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I saw The Woman in the Fifth. Watched the whole thing. But I can’t tell you what happens in the film. Which is to say, I can’t tell you what actually happens in the film because I’m not certain myself. Director Pawel Pawlikowski’s work is an infuriating cheat, creating a sense of mystery for its own sake, even when the mysteries turn out to be meaningless or nonsensical. The film’s big reveal is only slightly better than if it had all turned out to be a dream that Bob Newhart had just before waking up in bed next to Suzanne Pleshette. Actually, maybe that would have been better.

Movie Review: If You Figure Out Just What Happens in The Woman in the Fifth, Let Me Know. Or, Actually, Don’t.

Rating

D

Location

Angelika Film Center 5321 E. Mockingbird Ln. Dallas, TX 75206

Dates

Opens June 22

I saw The Woman in the Fifth. Watched the whole thing. But I can’t tell you what happens in the film. Which is to say, I can’t tell you what actually happens in the film because I’m not certain myself.

Director Pawel Pawlikowski’s work is an infuriating cheat, creating a sense of mystery for its own sake, even when the mysteries turn out to be meaningless or pretentiously nonsensical. The film’s big reveal is only slightly better than if it had all turned out to be a dream that Bob Newhart had just before waking up in bed next to Suzanne Pleshette. Actually, maybe that would have been better.

If you remain intrigued enough to want to hear more, here’s the plot synopsis on the Internet Movie Database: “A college lecturer flees to Paris after a scandal costs him his job. In the City of Light, he meets a widow who might be involved in a series of murders.”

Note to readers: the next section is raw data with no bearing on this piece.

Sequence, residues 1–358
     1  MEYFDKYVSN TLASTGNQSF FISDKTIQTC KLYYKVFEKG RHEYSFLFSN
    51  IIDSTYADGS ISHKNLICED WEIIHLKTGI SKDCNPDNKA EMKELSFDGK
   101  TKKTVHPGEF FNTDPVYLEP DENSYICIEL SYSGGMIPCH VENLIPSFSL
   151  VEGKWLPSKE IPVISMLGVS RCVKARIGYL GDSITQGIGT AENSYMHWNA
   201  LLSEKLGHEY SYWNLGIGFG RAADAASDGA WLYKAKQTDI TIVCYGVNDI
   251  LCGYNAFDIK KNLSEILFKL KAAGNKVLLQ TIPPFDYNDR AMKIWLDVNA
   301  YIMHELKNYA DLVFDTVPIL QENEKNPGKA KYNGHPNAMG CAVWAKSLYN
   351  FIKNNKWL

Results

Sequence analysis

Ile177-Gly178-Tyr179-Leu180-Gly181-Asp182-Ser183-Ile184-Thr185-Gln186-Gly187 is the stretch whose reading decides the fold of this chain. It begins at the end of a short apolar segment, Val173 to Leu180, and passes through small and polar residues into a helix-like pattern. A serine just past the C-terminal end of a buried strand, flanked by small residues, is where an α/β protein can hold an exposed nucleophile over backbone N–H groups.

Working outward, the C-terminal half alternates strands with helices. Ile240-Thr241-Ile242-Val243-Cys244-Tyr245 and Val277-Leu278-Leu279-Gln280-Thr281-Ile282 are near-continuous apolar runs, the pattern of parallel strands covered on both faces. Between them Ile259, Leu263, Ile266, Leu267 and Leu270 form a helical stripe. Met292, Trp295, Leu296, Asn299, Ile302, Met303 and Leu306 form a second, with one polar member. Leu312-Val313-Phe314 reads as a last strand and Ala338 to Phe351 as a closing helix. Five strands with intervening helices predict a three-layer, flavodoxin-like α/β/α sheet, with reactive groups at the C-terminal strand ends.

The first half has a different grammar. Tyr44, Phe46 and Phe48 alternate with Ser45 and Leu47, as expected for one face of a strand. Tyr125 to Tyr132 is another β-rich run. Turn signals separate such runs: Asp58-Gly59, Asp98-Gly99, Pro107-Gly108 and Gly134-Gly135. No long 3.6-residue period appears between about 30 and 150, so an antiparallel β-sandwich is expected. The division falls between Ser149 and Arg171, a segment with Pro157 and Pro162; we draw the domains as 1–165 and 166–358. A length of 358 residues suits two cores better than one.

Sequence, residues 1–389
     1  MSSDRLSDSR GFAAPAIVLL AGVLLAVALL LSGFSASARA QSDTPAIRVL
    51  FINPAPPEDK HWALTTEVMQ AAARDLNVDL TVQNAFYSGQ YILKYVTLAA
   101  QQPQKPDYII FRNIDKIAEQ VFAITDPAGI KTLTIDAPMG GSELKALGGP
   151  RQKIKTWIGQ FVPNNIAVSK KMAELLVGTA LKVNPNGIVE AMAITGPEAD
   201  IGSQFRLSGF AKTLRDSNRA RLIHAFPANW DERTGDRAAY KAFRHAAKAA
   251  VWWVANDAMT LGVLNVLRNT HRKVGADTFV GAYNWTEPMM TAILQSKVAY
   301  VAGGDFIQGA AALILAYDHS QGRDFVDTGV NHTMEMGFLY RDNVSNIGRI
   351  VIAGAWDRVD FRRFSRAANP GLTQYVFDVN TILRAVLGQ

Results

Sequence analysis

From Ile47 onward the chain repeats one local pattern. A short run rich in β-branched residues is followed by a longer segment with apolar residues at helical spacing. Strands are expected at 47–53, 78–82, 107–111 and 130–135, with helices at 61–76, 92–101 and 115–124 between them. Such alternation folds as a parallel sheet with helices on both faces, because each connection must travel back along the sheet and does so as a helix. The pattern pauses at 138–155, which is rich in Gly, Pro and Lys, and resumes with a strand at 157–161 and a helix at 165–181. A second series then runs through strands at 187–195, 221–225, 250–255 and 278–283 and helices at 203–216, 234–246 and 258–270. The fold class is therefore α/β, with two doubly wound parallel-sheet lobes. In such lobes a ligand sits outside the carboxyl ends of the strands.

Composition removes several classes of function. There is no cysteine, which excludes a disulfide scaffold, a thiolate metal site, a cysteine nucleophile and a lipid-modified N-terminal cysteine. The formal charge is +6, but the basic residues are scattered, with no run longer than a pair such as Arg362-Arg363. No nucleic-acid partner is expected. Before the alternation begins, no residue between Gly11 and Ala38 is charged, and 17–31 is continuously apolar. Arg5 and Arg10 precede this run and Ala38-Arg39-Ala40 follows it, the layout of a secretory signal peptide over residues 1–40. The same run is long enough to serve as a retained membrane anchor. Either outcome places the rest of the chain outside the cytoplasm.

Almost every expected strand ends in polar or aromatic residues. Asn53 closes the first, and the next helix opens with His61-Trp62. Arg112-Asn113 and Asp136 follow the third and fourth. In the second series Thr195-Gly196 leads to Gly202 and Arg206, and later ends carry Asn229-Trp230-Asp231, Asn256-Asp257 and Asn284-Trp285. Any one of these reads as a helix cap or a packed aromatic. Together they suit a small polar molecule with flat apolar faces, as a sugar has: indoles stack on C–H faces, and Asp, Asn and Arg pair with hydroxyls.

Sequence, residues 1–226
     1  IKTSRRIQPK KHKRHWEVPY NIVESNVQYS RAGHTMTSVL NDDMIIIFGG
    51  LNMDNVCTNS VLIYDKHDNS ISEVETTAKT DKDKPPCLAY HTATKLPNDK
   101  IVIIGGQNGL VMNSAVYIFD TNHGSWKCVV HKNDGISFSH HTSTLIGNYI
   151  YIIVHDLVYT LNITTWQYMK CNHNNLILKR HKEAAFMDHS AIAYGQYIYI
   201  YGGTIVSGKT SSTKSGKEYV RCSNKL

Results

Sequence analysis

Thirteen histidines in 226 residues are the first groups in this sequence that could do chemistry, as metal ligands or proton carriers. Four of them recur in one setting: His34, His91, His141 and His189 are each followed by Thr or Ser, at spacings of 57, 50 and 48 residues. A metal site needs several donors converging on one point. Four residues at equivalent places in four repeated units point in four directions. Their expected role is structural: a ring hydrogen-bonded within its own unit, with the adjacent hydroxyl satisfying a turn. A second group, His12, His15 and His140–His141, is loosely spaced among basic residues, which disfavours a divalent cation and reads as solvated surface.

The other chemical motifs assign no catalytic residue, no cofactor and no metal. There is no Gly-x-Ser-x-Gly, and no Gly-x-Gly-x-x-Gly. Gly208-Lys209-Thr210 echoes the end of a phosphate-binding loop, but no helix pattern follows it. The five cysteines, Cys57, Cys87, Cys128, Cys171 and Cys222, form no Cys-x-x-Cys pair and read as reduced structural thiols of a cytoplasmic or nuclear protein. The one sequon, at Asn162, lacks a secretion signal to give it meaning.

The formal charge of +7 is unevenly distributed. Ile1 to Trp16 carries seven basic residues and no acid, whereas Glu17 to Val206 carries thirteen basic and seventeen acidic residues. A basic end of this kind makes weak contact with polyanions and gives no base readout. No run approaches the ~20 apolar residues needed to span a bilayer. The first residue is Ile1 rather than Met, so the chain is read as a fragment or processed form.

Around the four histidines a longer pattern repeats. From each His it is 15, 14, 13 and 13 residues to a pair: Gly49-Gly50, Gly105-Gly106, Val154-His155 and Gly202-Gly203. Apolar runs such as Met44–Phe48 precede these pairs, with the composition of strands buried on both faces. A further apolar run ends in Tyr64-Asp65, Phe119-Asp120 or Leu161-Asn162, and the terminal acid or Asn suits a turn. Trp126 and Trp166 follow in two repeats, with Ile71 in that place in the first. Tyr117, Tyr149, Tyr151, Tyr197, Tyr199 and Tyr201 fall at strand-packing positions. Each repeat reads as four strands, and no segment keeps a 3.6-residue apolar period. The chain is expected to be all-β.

That is not what happens. Yes, former college professor and novelist Tom Ricks (Ethan Hawke) goes to Paris. And, yes, Paris is nicknamed the City of Light. That’s about all I can vouch for.

Tom is in Paris to see his French ex-wife Nathalie (Delphine Chuillot) and daughter Chloe (Julie Papillon). There are references to his having been sick and in a hospital. Nathalie is frightened of him and calls the police to drive him away. We never learn anything more about what occurred before the film’s story began.

Tom does meet a widow, Margit (Kristin Scott Thomas), but she’s never implicated in a series of murders. She seems to be every writer’s fantasy of what a living, breathing muse would be. He rents a dirty room above a dingy café. He takes up with the young Polish girl (Joanna Kulig) who works there, not realizing she’s the girlfriend of his landlord, Sezer (Samir Guesmi).

Sezer hires Tom to sit in a tiny room alone in some sort of underground mechanical space and press a button to open a door to anyone who recites the correct password. Tom’s curiosity is piqued by whatever’s happening behind a door down the hall, where the men he lets in are going, but nothing ever comes of this subplot.

Anyway, then there is a murder. That’s followed by what is supposed to be a hugely startling revelation, though the movie drops enough hints that it’s about to go off the rails that you’re more likely to yawn than to gasp in response. That I can say for sure.

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